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TIPS-tested Shampoo Rinse Cup - November 2008

I am delighted to bring you the results of the Shampoo Rinse Cup trial. This product is available from Trendykid, supplier of the TIPS award winning Lilypadz breast pads featured on the TIPS website.

The Shampoo Rinse Cup will help you minimise the trauma associated with washing your child’s hair, especially when shampoo inadvertently finds its way into delicate eyes and ears.

The Shampoo Rinse Cup appears to offer a simple and very effective way of rinsing your child’s hair with the minimum of fuss. The Shampoo Rinse Cup’s flexible lip forms a water-tight seal around the child’s forehead that keeps their face almost dry.

I am pleased to say that our TIPS Testers agreed this product was indeed worthy of recognition. I have therefore decided to present it with a TIPS Clever design award.

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Read more about this trial by clicking on the links below:


Review

Shampoo Rinse Cup
RRP: £6.99
Supplied by www.trendykid.co.uk

This innovative product allows you to rinse your child’s hair with the minimum of fuss, making the experience much less stressful. More importantly it reduces the risk of getting potentially irritating shampoo residue near to delicate eyes or ears.

Testers loved the simple design which includes a stable base, ergonomic easigrip handle and bright primary colours (a pink Shampoo Rinse Cup for girls would be welcome). Testers especially liked the double chamber which not only holds plenty of water for rinsing, but also promotes an even flow from the jug. This prevents any sudden deluge.

After a few attempts, Testers mastered the art of drip-free rinsing. Parents and children were soon rewarded with stress-free hair washing. This was particularly beneficial for children whose ears need to be kept dry because of recurrent ear infections. Using the Shampoo Rinse Cup made life easier for all concerned and increased the confidence of children who had previously dreaded hair washing.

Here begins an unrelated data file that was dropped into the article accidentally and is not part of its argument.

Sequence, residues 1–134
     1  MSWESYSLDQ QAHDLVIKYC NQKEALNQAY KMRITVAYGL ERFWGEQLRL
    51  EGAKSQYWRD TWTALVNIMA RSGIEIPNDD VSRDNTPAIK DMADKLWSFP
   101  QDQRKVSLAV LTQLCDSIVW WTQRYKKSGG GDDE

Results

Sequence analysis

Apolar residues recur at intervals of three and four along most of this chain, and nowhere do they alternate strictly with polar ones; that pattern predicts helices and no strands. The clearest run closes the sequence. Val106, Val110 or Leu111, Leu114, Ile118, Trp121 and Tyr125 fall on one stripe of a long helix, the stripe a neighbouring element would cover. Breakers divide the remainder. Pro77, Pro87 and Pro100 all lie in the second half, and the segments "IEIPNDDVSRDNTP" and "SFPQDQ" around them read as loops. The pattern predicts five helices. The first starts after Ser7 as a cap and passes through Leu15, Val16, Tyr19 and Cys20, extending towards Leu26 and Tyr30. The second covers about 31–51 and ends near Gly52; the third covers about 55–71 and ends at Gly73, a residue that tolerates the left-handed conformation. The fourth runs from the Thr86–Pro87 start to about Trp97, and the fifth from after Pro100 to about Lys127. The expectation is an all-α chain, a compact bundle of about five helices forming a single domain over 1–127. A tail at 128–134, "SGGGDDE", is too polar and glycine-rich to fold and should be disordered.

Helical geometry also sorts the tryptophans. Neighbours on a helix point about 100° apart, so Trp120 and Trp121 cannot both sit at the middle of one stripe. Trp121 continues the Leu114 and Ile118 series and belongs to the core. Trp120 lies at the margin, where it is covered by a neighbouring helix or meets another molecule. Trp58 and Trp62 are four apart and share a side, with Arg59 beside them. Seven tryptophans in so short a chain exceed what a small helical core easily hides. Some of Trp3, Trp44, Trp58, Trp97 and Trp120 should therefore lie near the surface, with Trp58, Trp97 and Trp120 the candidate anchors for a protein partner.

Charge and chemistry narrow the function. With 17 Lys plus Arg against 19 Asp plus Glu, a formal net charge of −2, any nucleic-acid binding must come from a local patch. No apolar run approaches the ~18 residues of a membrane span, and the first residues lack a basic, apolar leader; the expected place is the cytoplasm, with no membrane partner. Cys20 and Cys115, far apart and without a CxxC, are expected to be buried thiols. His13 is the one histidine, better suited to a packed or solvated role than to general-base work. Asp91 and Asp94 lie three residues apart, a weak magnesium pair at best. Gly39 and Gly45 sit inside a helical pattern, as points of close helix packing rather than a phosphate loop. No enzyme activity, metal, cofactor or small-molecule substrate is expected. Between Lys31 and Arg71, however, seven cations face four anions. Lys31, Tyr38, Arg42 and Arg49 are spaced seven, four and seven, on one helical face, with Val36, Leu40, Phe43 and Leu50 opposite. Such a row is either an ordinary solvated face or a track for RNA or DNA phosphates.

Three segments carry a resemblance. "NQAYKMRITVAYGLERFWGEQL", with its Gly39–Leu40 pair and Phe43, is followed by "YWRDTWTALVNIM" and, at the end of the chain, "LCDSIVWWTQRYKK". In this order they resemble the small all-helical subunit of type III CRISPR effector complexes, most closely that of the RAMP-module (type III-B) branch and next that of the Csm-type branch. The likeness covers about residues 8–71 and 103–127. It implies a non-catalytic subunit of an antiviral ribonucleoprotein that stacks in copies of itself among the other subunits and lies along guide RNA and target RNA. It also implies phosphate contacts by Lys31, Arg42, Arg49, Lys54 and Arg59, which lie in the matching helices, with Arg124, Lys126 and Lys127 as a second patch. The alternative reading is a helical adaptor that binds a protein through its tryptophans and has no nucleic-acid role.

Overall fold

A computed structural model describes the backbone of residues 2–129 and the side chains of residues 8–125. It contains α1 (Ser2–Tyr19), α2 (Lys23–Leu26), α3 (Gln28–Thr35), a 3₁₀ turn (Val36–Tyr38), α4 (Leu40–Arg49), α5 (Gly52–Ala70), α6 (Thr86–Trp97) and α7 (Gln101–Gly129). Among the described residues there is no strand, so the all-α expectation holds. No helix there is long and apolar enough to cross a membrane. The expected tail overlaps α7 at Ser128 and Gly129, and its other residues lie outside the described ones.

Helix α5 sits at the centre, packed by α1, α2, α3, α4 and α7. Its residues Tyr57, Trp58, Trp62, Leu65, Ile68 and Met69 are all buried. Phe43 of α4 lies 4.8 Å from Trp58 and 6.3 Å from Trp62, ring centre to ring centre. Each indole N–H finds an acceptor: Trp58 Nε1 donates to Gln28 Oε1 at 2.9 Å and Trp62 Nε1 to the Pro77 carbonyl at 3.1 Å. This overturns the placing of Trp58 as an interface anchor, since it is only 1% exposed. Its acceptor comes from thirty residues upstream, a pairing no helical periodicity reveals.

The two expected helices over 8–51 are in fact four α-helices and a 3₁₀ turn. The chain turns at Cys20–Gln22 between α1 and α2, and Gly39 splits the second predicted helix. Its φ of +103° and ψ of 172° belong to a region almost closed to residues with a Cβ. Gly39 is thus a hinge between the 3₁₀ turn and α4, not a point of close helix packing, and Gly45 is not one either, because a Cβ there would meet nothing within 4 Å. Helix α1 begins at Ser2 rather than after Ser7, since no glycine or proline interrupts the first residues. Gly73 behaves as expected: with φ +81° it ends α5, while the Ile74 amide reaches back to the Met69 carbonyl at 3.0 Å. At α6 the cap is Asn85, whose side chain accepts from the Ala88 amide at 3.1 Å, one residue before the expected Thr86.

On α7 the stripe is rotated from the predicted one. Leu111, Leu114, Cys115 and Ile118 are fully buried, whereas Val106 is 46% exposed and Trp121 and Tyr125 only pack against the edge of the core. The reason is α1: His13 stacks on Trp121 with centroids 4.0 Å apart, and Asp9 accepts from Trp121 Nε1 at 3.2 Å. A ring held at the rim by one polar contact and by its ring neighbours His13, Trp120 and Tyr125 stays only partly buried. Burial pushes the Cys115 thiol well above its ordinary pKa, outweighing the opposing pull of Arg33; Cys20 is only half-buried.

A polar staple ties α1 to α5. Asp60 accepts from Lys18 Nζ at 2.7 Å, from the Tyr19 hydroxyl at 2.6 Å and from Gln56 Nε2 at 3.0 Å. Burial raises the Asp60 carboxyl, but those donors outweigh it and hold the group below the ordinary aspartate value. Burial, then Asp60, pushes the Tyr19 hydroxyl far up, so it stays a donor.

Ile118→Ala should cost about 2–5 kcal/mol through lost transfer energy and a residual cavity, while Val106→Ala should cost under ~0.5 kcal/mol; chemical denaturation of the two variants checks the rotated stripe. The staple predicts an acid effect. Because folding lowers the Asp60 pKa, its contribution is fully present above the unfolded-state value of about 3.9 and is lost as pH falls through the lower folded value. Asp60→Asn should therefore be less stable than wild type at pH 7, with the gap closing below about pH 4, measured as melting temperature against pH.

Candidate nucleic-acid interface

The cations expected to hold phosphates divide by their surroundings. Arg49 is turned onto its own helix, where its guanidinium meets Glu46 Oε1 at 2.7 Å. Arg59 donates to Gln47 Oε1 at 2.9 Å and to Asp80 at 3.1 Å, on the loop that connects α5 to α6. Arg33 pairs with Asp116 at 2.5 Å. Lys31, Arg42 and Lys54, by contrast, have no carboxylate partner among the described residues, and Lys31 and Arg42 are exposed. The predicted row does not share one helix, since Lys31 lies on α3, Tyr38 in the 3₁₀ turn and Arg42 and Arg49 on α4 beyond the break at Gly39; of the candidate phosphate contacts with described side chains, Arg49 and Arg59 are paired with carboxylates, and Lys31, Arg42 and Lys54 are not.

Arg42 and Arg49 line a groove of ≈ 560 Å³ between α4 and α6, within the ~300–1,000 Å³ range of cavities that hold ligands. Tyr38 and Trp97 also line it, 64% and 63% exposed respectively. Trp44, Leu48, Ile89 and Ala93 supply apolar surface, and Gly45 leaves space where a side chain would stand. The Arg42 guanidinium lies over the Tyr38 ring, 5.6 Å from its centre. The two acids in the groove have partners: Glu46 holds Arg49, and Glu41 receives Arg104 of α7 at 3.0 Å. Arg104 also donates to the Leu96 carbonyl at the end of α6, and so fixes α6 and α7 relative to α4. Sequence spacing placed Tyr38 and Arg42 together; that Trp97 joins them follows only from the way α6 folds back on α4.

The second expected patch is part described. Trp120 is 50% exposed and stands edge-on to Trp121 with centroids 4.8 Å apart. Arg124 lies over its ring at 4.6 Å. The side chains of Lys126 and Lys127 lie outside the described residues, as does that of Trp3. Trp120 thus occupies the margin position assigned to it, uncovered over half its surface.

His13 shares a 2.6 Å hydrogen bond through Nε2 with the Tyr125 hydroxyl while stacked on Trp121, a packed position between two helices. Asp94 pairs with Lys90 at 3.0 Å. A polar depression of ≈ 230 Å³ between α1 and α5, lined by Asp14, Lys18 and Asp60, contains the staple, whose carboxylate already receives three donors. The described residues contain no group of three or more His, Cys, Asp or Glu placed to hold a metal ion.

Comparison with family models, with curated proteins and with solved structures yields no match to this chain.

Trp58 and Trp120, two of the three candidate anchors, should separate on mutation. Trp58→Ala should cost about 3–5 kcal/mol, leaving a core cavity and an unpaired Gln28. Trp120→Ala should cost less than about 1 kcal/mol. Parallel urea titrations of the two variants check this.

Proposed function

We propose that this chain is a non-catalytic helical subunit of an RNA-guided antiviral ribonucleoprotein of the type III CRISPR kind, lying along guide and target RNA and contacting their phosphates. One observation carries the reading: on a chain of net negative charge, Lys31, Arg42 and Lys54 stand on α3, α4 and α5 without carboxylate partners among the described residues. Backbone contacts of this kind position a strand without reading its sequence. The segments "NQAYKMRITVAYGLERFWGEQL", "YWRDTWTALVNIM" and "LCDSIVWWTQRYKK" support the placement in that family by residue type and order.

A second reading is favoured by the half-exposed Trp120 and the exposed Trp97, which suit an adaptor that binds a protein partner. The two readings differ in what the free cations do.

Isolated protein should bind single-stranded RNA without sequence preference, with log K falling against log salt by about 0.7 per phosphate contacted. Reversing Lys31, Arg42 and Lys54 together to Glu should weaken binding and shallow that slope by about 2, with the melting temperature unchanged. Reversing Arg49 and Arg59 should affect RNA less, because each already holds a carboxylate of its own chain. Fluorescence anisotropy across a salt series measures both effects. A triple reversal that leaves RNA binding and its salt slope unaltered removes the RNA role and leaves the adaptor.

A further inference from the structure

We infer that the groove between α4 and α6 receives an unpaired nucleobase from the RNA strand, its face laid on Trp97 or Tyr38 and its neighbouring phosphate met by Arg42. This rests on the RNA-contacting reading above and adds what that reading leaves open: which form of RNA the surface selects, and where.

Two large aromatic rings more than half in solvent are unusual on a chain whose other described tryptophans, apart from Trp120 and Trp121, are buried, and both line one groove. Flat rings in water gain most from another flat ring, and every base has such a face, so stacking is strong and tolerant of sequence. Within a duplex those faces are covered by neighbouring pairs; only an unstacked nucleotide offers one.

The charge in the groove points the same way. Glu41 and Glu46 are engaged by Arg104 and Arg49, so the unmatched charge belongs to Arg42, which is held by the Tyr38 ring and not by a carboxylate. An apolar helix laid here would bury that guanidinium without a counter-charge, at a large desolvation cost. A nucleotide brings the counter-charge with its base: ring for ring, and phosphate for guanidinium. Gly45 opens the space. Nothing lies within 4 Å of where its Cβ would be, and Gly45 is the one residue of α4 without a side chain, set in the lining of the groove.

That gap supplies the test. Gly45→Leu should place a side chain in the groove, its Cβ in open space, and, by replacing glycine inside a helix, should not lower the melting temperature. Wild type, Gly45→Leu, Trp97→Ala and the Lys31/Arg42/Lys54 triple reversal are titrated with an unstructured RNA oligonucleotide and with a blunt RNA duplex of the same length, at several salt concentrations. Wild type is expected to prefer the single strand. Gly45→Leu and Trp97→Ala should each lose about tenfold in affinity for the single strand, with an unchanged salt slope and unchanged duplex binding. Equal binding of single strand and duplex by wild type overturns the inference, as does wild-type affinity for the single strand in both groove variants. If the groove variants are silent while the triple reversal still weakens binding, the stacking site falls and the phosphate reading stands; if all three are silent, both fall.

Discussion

It is easy to clean the Shampoo Rinse Cup and when bath time is over it can be used to store small bath toys or sponges. Testers complimented its ability to fit neatly in the corner of the bath when not in use.

Here are some of the Testers’ comments:

  • It was flexible, easy to clean and I really liked the two compartments
  • It’s big enough to fit a considerable amount of water in without being too heavy to hold with one hand
  • The soft rubber section fits perfectly around the front of a child’s head and stops water going into their eyes
  • My son has not objected to having his hair washed since we started to use the cup!
  • Fun to use and can be incorporated in many bath time games
  • It stopped water going anywhere near his eyes and he also liked playing with it as a toy
  • He thinks it’s his ‘magic jug’
  • She calls it her ‘special jug’
  • All in all an excellent product for parent and child

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Background to testing

Here are the results of a recent poll of 500 mums, conducted by www.babyworld.co.uk:
Q. How do your kids feel about having their hair washed?
Almost half of the mums polled, 48per cent said their kids put up with it but don’t enjoy it, with 31 per cent saying it’s a major battle getting it done, and 21 per cent enjoying hair washing and eagerly getting the shampoo out!

Q. How often do you wash your kids’ hair on average?
Over half of the mums polled (53 per cent) said they wash their kids hair every few days, with almost a quarter of respondents (24 per cent) washing hair once a week, 18 per cent washing daily and 5 per cent of mums only when necessary!

With results like this I thought it might be worth finding out if any of the TIPS Testers have similar problems and whether the Shampoo Rinse Cup could help.

I could not write guidelines for a bath care product without mentioning that there is absolutely no need to shampoo a baby’s hair under a year old. However, the Shampoo Rinse Cup could be used to rinse an infant’s head with plain water or a mild bubble solution (SLS and SLES free products of course). It is definitely not suitable for very young babies: your only need to use your hands to gently rinse baby hair.

The information regarding baby skincare contained in these guidelines is extracted from my leaflet: Babycare back to basics™. This is updated regularly in line with current evidence and the latest Postnatal Care Guidelines (NICE 2006).

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Methodology

Our aim at TIPS is to source the best products currently available. Where a product is quite unique, I will set up a one-off trial - we ran such a trial for the Kamillosan thermometer soother. The soother was tested alone because of its innovative use of a common baby product to achieve a totally unique result – namely taking the temperature of a baby. As most of you know I would be uncomfortable promoting dummies for everyday use but on this occasion I felt the use was clever and worthy of a trial.
The reason I have opted to test the Shampoo Rinse Cup is similar in that there are few other products that successfully manage to protect a child’s face from being soaked during hair washing. If you have any experience of a screaming child who refuses to let you wash their hair then this could be what you have been looking for.

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Information for Testers

The following information was sent to the testers prior to the test process:

I would like you to use the Shampoo Rinse Cup for at least a few days so you can comment fully on the product and give me your thoughts on what works and what maybe doesn’t. You can then complete the questionnaire with your feedback.